The poem ‘Tables Turned’ by William Wordsworth represents nature as man’s source of wealth, knowledge and power. One idea of this text is that nature creates and possesses power. Wordsworth personifies nature in order to convey it as a conscious being, possessing not only immerse power, but also emotions such as sympathy, reinforcing nature’s creation and presentation of power: Wordsworth represents nature possessing “a world of ready wealth”; also personifying nature as having a heart that ‘watches and receives’ and furthermore claiming that nature can teach man more than “any of the sages can”. Depiction of nature’s power over science and curiosity are also employed in order to reinforce the significance of man and nature. Wordsworth describes items associated with science, i.e. books, as “tis a dull and endless strife” and man should instead “come and hear the woodland linnet” because “there’s more wisdom in it”. Wordsworth does not only present nature as possessing great wisdom, but also claim that nature can share it with man, by saying “Let nature be your teacher”, reinforcing that nature can create power. The continual dismissal of books, science and curiosity, Wordsworth demonstrates his point of view that nature can provide all the information – power – that man needs: “Up! up! my Friend, and quit your books”. Thus, Wordsworth, one of many romantic poets, represents nature in two roles in terms of power; creator and presenter.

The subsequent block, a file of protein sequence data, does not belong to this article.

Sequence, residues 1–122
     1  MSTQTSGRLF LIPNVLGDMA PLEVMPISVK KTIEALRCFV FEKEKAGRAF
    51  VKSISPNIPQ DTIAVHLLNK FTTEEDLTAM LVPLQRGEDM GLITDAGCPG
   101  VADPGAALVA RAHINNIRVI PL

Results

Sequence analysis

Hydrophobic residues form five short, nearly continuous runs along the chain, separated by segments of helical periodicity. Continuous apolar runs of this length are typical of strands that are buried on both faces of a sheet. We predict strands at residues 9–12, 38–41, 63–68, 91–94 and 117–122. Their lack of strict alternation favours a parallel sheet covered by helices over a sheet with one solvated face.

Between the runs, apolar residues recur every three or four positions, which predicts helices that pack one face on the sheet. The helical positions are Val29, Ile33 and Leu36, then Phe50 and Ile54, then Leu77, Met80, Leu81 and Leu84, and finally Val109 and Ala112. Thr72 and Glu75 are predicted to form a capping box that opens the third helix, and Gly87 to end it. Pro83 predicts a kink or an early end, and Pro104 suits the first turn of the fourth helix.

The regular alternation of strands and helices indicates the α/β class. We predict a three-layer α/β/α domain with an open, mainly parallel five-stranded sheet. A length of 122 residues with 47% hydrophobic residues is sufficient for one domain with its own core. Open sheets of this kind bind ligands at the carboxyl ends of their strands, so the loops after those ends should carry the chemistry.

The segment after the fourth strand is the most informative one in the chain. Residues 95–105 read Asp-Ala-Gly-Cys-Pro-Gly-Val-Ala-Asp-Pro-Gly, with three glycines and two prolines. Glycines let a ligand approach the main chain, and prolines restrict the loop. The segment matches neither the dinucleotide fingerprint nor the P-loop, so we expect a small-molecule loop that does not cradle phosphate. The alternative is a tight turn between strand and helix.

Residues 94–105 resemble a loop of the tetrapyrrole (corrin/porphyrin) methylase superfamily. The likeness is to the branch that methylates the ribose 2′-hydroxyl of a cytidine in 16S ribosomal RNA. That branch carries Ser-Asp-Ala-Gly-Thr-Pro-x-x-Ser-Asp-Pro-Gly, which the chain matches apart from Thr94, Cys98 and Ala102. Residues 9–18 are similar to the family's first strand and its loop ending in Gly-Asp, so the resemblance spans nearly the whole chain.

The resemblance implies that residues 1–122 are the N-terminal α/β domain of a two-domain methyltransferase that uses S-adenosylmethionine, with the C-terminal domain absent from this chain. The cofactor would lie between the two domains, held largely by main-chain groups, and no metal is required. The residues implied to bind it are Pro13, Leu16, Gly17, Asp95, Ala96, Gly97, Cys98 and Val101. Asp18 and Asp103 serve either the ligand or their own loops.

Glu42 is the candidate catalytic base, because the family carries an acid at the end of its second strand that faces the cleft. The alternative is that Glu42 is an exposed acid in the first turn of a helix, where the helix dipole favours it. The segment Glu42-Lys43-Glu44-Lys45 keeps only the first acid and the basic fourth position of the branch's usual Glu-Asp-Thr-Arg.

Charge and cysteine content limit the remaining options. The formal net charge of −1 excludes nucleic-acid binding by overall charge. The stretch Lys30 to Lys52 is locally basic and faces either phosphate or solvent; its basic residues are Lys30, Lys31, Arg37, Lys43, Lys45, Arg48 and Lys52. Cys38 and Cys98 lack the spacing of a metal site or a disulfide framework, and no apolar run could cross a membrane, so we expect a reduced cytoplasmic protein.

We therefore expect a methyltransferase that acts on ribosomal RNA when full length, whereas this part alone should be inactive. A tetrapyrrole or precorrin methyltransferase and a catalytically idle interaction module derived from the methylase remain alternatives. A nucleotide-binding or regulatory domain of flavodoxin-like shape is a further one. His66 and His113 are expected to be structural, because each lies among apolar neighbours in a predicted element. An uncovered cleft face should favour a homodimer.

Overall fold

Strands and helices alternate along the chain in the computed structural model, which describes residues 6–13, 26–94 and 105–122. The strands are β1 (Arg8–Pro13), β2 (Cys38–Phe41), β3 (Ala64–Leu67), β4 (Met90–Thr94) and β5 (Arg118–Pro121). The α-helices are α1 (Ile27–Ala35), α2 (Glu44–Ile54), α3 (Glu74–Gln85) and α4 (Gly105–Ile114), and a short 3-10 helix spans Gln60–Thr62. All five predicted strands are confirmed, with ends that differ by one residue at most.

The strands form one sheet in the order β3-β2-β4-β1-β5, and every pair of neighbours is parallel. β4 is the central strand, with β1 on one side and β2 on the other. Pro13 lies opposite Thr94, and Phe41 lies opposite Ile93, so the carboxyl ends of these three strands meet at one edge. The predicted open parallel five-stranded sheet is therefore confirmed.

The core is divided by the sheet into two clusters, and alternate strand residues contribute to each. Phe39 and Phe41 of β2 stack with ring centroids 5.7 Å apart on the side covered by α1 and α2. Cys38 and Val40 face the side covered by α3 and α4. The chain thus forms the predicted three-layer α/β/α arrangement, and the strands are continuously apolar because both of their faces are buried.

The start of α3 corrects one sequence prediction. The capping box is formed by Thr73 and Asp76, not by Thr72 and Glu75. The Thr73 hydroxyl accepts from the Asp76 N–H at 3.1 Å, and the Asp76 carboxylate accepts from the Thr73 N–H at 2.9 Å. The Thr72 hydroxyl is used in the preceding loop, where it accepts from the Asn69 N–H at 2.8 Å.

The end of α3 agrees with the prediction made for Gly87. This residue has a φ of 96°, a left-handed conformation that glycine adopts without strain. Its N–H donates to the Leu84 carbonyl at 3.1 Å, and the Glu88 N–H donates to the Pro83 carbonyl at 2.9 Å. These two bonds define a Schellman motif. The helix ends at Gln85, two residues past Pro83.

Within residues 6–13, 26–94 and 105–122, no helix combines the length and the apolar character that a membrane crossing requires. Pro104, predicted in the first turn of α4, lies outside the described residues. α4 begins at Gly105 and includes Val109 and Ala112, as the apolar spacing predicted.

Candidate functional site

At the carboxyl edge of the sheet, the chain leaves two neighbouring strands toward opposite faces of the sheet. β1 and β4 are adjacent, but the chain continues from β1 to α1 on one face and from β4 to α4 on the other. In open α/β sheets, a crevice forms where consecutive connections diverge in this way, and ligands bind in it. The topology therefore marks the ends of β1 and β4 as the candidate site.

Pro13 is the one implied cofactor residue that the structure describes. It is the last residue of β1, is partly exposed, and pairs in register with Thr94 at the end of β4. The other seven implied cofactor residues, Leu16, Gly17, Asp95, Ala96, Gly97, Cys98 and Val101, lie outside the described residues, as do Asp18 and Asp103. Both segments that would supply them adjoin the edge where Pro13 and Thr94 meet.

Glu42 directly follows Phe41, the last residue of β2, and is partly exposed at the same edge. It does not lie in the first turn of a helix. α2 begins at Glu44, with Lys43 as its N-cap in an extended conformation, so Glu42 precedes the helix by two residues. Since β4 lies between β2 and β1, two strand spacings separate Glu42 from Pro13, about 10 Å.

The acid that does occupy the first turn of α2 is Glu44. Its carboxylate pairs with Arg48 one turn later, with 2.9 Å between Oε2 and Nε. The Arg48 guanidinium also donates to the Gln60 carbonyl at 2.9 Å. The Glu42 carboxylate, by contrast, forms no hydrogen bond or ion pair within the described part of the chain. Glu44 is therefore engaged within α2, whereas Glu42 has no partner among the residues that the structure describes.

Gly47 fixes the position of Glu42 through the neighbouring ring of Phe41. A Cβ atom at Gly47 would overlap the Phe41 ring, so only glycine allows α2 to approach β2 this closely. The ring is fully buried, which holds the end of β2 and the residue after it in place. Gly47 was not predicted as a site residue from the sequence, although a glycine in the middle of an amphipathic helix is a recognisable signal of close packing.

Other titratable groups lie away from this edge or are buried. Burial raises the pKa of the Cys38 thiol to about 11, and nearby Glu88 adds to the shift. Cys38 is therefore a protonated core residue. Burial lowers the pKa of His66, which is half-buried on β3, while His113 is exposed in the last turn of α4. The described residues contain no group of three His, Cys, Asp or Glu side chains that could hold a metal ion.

“Ode to the West Wind” by Percy Shelley is a rhythmic poem that portrays the west wind as having the power... [continues]
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